When COVID-19 became a part of our daily lives, it altered much of how we live and work. For us at Community Living Solutions and our clients, it means our approach to senior living community design takes into account more factors around senior health and wellness. The senior living design trends emerging are in response to this new landscape. Building codes and operational protocols are being implemented with the pandemic and future outbreaks in mind, forcing developers, architects and facility leaders to adapt quickly.   

Beyond the pandemic, another challenge impacting senior housing design trends is economics. As the nation’s population ages, a coming wave of seniors looking for senior living options is nearly here. Demographers estimate that 70% of Americans aged 65 or more will require long-term care.

As your trusted advisors and industry experts, we are monitoring these trends. By partnering with us, we’ll help you understand how best to design, innovate and remain competitive in light of these changes as we help ensure your senior living facility meets these trending needs.

Trend 1: Design for safety

The pandemic is forcing us to rethink how spaces can be used to fight infection. Today we need to think about easy-to-disinfect surfaces, strategically placed sanitation stations and compartmentalization layouts as key components in future facilities. We also must consider planning anterooms and other special areas within buildings where health workers can put on and take off protective clothing.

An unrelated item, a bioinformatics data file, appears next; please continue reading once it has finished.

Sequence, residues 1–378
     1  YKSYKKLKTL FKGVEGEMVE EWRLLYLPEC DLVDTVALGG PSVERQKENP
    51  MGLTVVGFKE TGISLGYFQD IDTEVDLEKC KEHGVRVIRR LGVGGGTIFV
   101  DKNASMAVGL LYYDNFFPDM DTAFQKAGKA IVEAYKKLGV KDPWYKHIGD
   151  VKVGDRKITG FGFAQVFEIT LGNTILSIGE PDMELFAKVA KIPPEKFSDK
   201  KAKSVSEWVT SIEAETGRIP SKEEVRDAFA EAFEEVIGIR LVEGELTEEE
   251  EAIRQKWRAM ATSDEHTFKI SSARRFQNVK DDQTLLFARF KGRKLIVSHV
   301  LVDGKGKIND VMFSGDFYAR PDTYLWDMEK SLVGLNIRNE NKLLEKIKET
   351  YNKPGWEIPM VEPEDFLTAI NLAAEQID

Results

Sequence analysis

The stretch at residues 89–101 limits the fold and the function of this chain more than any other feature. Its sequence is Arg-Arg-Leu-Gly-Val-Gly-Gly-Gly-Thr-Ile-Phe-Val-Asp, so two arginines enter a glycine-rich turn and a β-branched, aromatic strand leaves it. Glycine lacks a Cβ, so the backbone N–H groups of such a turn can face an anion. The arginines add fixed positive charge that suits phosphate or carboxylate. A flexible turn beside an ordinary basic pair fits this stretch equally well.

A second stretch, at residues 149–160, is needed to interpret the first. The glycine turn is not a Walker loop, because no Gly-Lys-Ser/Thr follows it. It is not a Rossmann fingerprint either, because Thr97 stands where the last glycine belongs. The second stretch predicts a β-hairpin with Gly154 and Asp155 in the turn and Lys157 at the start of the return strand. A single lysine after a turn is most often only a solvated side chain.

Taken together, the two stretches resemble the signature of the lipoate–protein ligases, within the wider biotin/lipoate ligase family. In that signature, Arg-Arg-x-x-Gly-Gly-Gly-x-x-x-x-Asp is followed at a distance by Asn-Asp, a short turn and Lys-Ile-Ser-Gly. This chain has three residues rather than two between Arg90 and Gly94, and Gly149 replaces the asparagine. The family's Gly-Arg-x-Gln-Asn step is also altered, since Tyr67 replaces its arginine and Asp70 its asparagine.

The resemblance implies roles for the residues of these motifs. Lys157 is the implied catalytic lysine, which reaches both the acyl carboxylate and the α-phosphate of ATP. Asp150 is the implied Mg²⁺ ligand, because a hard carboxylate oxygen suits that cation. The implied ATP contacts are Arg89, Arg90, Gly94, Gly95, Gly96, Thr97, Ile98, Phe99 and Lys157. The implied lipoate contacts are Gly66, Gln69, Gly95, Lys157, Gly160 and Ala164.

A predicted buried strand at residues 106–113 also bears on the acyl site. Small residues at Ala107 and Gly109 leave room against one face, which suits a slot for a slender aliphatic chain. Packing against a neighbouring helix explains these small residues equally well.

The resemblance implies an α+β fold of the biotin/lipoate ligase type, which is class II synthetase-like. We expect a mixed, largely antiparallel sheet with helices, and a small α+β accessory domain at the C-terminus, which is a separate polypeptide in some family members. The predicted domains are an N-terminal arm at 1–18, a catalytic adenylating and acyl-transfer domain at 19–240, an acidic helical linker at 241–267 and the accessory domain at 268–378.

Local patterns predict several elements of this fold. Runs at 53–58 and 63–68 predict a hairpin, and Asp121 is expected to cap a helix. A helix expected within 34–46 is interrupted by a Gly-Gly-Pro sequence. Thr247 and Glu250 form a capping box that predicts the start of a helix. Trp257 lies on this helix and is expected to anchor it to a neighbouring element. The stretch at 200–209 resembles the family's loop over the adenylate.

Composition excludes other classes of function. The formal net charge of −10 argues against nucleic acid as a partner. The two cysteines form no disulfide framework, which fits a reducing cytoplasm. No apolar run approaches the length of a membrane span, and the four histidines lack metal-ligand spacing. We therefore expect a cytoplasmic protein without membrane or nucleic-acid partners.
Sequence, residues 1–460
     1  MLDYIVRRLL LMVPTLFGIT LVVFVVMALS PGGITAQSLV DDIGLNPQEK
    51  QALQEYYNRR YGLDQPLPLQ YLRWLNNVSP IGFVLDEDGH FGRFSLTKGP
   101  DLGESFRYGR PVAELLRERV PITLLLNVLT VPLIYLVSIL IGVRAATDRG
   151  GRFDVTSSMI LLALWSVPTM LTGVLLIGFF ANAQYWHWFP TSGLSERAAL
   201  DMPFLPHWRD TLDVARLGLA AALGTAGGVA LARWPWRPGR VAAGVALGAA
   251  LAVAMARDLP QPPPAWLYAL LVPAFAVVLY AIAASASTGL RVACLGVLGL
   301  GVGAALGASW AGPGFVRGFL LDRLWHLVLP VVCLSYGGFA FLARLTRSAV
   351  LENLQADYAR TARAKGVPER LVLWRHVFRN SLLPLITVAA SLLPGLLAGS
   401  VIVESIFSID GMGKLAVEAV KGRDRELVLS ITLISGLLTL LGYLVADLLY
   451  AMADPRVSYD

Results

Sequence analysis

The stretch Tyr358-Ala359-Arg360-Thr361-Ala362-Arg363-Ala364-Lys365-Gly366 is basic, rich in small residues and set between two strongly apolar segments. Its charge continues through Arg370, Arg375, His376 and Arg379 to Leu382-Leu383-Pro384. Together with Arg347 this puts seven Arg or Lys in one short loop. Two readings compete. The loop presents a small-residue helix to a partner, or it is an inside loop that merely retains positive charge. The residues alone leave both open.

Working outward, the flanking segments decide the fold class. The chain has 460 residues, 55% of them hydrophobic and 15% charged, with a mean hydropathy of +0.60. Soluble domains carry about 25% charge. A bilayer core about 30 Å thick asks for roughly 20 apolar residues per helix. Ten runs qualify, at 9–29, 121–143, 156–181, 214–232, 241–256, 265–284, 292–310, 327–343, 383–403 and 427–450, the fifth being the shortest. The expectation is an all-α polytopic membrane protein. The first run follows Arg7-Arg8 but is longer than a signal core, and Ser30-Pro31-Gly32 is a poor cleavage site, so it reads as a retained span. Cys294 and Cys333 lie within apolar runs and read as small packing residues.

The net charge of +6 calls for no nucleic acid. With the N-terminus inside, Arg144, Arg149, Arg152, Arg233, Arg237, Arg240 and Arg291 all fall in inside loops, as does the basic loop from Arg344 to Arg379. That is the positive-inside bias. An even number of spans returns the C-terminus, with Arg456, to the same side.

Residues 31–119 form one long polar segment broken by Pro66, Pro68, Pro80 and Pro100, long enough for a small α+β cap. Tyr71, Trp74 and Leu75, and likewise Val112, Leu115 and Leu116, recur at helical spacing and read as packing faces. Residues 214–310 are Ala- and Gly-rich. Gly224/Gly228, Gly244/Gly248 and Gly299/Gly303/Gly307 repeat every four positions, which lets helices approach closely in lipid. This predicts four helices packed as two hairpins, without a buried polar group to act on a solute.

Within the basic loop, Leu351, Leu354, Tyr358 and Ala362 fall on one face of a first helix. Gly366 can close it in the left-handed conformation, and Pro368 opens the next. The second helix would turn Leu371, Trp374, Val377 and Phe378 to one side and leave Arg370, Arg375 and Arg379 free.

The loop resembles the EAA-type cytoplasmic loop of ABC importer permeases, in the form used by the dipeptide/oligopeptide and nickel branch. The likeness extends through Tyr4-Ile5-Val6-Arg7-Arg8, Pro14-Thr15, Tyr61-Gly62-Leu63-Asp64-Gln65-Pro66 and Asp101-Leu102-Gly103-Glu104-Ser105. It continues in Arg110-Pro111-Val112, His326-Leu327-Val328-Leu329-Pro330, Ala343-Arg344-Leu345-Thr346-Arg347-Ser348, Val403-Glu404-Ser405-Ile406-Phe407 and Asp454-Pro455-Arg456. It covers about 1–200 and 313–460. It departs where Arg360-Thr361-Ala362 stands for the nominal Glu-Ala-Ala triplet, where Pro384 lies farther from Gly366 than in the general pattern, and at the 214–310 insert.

We also recognize the need for better ventilation and HVAC systems. We can recall the beginning of the pandemic when airlines scrambled to find ways to filter air particles or introduce fresh air into cabins. Likewise, senior living facilities will need to implement advanced air filtering systems.

At the same time, facility updates need to be balanced with efforts to combat social isolation caused by the pandemic. We are already experimenting with ways to create safe, indoor communal areas that are also flexible for multiple uses. Movable partitions, for example, can be employed to re-arrange layouts quickly depending on the need.

For those seniors who can live independently, pocket neighbors are taking hold across the United States. These neighborhoods, now being built as part of larger senior living communities, feature small, single-family homes located in close proximity to needed services and activities. In this way, residents can be socially active while being shielded from larger communal areas where risk of infection is much higher. It’s a good compromise between strict isolation and complete exposure.

Finally, industry leaders recognize that multi-purpose outdoor areas such as gardens, walkways and patios will be central to senior living planning going forward. They are investing in customizable features for these areas like pavilions, visitation tents and roofed porches. Social distancing measures can be maintained through the use of fixed benches positioned at safe distances from one another. Layouts that provide for multiple direct exits to the outside cut down on traffic through the main facility’s corridors.    

Trend 2: Offer more options for the middle market